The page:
Strangely Consistent

Theory, practice, and languages, braided together

July 15 2012 — things which can be carried around

I thought these days of game engine implementation would be tedious, but it turns out there are lots of interesting design questions lurking in here. That's extra true for today's material, which is a bit late, but hopefully only fashionably so.

We'll be occupying ourselves with the actions take and drop today. For this purpose, we'll be introducing a new category of things: carryable things. Only these can be picked up. (Oh, and "pick up" will end up being a synonym for "take" in the game.)

Internally, taking something will amount to moving it to a special room called "player inventory". Someone could theoretically add such a room to their adventure game, and objects would magically appear there as they were taken by the player. This is considered a feature, not a bug.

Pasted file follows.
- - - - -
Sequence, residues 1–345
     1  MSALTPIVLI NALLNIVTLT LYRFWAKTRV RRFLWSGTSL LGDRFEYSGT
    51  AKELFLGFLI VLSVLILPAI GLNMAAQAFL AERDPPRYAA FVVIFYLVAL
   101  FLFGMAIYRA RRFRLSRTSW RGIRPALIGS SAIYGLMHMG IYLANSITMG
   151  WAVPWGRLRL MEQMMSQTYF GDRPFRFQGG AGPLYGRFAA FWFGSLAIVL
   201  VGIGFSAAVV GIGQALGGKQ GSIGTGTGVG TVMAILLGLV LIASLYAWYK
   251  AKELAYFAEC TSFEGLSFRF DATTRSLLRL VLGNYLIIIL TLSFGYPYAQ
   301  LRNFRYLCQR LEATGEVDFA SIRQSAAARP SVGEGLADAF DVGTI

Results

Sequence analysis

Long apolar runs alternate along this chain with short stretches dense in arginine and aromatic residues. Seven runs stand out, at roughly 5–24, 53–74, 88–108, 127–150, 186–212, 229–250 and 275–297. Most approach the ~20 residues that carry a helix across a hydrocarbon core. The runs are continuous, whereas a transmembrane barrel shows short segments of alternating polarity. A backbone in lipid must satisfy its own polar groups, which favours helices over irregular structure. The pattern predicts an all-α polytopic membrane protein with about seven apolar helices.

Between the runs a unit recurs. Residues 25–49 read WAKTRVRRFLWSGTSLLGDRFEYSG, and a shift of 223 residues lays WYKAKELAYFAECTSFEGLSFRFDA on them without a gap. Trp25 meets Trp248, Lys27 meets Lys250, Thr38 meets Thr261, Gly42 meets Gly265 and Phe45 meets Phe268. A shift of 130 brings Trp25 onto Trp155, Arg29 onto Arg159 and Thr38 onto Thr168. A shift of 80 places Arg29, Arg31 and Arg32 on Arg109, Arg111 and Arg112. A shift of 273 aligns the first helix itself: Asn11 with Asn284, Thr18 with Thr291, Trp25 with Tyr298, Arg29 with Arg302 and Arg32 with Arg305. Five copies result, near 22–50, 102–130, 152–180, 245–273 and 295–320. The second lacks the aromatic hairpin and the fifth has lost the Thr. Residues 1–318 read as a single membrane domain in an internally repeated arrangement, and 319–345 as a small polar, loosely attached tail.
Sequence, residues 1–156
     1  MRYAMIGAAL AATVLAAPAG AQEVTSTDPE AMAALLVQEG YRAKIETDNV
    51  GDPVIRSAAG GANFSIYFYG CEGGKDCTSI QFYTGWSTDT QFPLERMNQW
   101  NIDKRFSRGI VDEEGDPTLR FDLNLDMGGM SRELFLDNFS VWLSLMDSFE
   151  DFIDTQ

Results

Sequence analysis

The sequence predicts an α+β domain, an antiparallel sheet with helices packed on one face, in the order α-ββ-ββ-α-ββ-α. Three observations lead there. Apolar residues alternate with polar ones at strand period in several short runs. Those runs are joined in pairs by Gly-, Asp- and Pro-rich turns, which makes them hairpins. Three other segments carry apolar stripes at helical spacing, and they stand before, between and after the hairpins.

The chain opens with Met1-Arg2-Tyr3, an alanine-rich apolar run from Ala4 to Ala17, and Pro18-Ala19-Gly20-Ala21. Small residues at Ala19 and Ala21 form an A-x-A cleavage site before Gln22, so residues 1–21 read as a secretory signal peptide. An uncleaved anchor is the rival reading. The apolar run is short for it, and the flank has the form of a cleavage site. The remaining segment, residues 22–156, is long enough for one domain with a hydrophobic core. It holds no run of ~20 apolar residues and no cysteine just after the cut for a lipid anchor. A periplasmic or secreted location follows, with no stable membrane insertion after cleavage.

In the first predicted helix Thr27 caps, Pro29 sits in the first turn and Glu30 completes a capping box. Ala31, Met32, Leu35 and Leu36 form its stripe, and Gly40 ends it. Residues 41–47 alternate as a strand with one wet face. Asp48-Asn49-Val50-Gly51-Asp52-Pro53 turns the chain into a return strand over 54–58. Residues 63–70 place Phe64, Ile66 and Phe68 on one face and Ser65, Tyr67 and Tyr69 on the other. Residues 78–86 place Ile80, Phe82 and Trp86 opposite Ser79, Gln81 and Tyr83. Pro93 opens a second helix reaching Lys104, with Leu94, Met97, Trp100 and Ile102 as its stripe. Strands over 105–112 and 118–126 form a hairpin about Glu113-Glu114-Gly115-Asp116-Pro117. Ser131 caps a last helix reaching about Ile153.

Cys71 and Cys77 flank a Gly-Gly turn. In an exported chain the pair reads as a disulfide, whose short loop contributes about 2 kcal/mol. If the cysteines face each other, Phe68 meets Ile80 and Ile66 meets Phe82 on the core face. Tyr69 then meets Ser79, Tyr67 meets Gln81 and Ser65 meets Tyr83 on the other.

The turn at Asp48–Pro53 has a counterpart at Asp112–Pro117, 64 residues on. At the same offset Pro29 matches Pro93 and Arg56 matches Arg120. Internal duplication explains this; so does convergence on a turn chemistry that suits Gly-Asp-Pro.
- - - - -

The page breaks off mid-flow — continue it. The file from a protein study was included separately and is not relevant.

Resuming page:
Let's see what the commits look like today.

Taking and dropping form some kind of "complementary actions". They cancel each other out in some way. This leads to fun interactions between their behaviors. Maybe that's why there were a few more commits today than usual. Anyway, a nice surprise that their behavior was so rich. I don't recall thinking as deeply about this last year. Events seem to really bring out thinking about the semantics of actions.

There are many ways to factor the internals, but in this case creating a "player inventory" room and just shoving things there seemed like the simplest thing that could possibly work. And, since they're internals, in some sense it really doesn't matter if we cheat ourselves blue in there. We can always change the internals, as long as the tests still work.

Tomorrow — really today because I'm late — is the last day of game engine hacking. After that we'll start putting together the actual crypt game in earnest.